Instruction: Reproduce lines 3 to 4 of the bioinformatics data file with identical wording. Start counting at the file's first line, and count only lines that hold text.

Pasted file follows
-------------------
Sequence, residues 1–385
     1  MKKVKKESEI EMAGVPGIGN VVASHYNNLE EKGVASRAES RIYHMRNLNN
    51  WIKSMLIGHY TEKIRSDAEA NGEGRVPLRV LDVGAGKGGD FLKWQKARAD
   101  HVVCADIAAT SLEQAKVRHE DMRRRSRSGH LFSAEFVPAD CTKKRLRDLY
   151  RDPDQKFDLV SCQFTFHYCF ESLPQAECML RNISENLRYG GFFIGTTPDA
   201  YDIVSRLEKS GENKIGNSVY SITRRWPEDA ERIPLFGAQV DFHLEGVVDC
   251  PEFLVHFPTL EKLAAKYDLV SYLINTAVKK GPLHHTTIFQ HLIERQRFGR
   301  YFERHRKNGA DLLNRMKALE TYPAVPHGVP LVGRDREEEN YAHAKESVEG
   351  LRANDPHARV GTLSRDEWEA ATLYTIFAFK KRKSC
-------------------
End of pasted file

    51  WIKSMLIGHY TEKIRSDAEA NGEGRVPLRV LDVGAGKGGD FLKWQKARAD
   101  HVVCADIAAT SLEQAKVRHE DMRRRSRSGH LFSAEFVPAD CTKKRLRDLY